Houston is one of America’s most diverse cities and it also happens to be one of the country’s best places for food. That’s thanks to a global-inspired culinary scene that blends the best of both cultures.
From experimental Viet-Cajun dishes to Czech pastries and classic BBQ, Houston’s got a food scene you won’t want to miss. Here’s everything you need to know about eating your way through the city.
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1.Spicy Fried Chicken
If you’re a fan of spicy foods, you’ll find plenty of spots to enjoy this popular menu item. From street-verified chicken places like Sticky’s to the fried chicken shack inside Sawyer Yards, Houston has no shortage of places to get your hands on the spiciest Southern food.
The savory chicken is a staple in many American homes, and this version of the dish uses a special blend of spices for a mouthwatering flavor. It has the crispy exterior of traditional fried chicken, but with the spicy kick that everyone craves.
For the perfect crispy coating, it’s important to soak your chicken in a brine made with pickle juice. This sour-and-salty brine will ensure your chicken is super juicy when it’s fried and also creates a deliciously crisp exterior.
Another key to making a crispy and juicy fried chicken is to use the right type of oil for frying. Using the wrong kind of oil will make your fried chicken too soft and watery, and it’ll lose its crunchiness.
2.Barbecued Beef Ribs
Barbecued beef ribs are one of the most popular barbecued foods in America. They have a rich and meaty flavor that can be easily complemented with additional flavors.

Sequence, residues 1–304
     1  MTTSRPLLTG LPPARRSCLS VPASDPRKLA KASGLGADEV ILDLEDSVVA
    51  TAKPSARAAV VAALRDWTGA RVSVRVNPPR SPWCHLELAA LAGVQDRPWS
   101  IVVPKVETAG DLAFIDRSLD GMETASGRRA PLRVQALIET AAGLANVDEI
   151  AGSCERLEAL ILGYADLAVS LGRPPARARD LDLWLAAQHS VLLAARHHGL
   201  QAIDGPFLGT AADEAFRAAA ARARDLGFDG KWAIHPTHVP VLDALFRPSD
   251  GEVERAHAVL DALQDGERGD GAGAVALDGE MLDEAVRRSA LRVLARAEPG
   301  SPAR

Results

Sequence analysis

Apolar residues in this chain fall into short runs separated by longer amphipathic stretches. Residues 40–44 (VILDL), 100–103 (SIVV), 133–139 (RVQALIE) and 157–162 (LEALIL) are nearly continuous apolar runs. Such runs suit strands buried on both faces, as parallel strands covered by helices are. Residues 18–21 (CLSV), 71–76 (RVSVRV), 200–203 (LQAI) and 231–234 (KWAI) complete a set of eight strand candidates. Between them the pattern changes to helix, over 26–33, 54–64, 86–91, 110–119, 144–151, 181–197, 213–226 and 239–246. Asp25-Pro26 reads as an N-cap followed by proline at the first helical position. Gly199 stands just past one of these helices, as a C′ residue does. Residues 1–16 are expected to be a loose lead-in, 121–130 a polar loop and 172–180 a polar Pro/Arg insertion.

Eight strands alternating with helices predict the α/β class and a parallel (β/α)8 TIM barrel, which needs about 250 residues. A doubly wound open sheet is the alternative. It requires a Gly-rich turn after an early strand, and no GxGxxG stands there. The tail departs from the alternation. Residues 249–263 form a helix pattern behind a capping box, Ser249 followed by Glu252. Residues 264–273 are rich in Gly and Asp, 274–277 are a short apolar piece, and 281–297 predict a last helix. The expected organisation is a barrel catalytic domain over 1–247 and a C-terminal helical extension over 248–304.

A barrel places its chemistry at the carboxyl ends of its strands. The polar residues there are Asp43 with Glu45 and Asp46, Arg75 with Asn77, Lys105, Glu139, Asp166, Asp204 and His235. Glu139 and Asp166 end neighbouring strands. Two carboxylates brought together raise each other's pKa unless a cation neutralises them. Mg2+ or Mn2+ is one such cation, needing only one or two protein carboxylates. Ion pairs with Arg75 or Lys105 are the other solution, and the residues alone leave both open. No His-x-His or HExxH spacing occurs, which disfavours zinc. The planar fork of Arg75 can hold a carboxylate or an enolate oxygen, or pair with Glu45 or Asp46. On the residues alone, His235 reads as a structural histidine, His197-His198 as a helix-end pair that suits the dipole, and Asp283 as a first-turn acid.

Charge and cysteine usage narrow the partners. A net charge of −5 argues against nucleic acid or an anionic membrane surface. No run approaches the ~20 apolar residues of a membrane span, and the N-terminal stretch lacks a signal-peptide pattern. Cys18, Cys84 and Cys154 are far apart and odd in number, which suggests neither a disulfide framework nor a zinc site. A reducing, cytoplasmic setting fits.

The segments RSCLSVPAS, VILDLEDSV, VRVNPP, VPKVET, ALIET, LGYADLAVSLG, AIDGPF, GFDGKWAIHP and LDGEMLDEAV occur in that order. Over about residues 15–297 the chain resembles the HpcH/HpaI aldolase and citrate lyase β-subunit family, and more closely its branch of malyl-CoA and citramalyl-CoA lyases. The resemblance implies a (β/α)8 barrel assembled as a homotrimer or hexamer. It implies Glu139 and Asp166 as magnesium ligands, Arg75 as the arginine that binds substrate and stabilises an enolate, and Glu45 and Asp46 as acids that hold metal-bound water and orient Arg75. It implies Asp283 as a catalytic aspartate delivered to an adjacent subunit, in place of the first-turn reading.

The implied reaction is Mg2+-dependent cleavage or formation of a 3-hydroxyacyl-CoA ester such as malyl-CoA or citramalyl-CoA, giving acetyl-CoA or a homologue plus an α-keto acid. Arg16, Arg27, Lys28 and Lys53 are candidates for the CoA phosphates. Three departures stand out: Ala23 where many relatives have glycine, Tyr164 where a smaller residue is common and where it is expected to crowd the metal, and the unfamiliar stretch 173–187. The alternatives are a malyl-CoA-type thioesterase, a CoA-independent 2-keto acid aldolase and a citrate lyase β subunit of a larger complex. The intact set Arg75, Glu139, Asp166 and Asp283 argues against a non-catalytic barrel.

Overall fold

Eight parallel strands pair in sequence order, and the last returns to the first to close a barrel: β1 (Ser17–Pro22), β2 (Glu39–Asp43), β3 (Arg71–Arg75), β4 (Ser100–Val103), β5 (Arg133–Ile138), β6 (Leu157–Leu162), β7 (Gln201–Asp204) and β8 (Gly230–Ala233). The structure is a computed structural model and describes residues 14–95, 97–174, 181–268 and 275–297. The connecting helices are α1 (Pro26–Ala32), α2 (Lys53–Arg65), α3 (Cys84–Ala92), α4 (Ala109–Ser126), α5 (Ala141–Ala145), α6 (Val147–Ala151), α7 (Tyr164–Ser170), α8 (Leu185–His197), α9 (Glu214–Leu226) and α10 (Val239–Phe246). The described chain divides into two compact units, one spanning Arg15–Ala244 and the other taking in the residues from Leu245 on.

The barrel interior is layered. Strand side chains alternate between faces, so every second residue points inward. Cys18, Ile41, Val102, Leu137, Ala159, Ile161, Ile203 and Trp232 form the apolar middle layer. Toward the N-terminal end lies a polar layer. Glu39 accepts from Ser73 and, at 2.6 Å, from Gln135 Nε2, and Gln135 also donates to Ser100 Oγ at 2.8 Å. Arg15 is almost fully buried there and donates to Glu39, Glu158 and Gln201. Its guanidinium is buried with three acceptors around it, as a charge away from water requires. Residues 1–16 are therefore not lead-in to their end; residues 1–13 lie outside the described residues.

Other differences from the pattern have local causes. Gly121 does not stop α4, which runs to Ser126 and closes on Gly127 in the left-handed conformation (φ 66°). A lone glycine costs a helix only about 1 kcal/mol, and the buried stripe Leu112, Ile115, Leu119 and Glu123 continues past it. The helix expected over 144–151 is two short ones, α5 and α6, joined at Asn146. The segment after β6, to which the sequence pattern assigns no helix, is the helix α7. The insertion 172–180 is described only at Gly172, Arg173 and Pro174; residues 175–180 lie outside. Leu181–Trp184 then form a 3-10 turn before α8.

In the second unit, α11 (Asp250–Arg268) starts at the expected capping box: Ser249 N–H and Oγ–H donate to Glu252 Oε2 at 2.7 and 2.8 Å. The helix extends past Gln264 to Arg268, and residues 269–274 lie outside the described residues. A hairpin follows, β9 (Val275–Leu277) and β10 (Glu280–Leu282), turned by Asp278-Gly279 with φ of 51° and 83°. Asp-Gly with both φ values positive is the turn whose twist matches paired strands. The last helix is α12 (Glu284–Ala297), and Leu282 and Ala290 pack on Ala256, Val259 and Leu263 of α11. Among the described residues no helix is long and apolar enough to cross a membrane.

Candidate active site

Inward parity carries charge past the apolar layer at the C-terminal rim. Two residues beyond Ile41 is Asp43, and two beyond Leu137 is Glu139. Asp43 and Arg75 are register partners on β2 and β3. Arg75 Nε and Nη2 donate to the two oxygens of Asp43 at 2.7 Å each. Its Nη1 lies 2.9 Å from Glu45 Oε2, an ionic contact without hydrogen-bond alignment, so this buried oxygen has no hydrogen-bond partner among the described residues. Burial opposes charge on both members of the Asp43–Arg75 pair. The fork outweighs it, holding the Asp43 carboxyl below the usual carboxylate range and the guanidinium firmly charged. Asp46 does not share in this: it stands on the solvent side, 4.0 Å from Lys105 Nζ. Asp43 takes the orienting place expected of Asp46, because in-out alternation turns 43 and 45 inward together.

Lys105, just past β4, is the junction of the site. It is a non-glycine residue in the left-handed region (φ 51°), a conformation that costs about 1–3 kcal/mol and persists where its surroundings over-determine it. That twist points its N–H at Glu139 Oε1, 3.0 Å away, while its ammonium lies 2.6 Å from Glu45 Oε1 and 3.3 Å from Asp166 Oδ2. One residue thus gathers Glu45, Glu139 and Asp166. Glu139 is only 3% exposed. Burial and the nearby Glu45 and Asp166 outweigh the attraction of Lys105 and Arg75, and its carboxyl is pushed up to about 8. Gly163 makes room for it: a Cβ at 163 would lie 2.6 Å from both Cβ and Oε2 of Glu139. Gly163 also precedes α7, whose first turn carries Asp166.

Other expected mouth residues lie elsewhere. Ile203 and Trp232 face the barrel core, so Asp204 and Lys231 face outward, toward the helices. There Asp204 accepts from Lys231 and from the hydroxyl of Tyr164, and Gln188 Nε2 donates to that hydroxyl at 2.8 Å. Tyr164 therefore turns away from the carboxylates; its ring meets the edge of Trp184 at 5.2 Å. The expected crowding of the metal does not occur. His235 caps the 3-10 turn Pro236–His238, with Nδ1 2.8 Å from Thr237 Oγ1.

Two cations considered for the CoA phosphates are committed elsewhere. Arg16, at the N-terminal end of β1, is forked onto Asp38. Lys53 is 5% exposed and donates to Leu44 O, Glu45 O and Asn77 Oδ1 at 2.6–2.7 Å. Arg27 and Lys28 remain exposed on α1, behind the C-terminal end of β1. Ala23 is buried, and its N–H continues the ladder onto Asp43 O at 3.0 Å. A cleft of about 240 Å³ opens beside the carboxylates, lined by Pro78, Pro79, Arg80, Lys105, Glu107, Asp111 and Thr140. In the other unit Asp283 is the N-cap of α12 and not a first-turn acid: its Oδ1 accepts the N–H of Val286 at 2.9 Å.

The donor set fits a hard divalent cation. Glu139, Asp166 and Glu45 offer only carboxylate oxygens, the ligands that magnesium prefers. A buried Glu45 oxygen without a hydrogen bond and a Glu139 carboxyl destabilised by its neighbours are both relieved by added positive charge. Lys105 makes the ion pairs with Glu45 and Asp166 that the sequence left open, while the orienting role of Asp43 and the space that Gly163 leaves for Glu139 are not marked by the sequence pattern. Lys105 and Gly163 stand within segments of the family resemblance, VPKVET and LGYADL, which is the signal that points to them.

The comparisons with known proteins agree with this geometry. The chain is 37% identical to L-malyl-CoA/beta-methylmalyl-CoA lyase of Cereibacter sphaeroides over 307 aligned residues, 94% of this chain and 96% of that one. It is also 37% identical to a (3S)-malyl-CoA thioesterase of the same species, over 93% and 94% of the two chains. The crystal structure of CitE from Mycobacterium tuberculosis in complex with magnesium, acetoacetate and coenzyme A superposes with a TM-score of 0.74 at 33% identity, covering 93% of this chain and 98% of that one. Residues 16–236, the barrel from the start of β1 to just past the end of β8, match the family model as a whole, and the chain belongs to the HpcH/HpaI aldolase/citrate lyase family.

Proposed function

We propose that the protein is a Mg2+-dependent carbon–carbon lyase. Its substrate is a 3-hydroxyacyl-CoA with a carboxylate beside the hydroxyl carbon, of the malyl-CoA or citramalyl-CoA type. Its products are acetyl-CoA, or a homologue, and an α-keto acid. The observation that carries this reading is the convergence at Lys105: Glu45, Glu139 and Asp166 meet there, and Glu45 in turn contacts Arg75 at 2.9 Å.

Beef ribs are also more fattier than pork, which helps to keep them moist and tender. It’s important to cook ribs at a low temperature so that they retain their moisture.
To check if your ribs are done, insert a toothpick between the bones. If the toothpick penetrates without any resistance, they’re ready.
Alternatively, lift the rack of ribs up by one end and see if it forms a crack between the middle bones; this means they’re tender.
The ribs are done when they reach an internal temperature of 200 degrees F. If they aren’t done, leave them in the smoker longer to finish cooking until they are tender and fall off the bone.
If you’re planning to barbecue beef ribs, make sure you have these tools: a metal drip pan, aluminum foil, and a basting brush or mopping tool. You can use these to collect the liquid from the ribs and keep them from drying out in the oven.
3.Crispy Fried Shrimp Tails
Crispy fried shrimp tails are an excellent choice for appetizers. They are easy to prepare and can be paired with cocktail sauce or tartar sauce for dipping.
They are also perfect for grilling and broiling. Simply skewer them with toothpicks, brush them with your favorite sauce, and cook until they are cooked through.
The tails are made of chitin, a tough, brittle substance found in shellfish and insects that becomes crunchy when fried.
While they are generally considered a waste product, many people enjoy eating them because of their texture and taste. They are also a great source of protein and omega-3 fatty acids.
Some chefs leave the shrimp tails on, while others remove them from recipes like salads, pasta, and paella to preserve their juiciness. It is up to the chef whether or not the tails are left on, but if you don’t want the extra effort, ask the waiter for them to be removed.
4.Fried Shrimp Paired With Remoulade
Remoulade sauce is a classic Louisiana dipping sauce that’s used to serve with fried foods like po’ boy sandwiches, boiled shrimp and fried green tomatoes. It’s easy to make and incredibly tasty!
Often served with fried green tomatoes, remoulade is a creamy mayonnaise-based sauce seasoned with Cajun and Creole seasonings. It can be served with a variety of other dishes, including fried chicken and boudin balls.
One of the best places to try fried shrimp with remoulade is Christie’s in Montrose. Its remoulade is made using homemade mayonnaise and garlic, making it a flavorful way to dip your shrimp.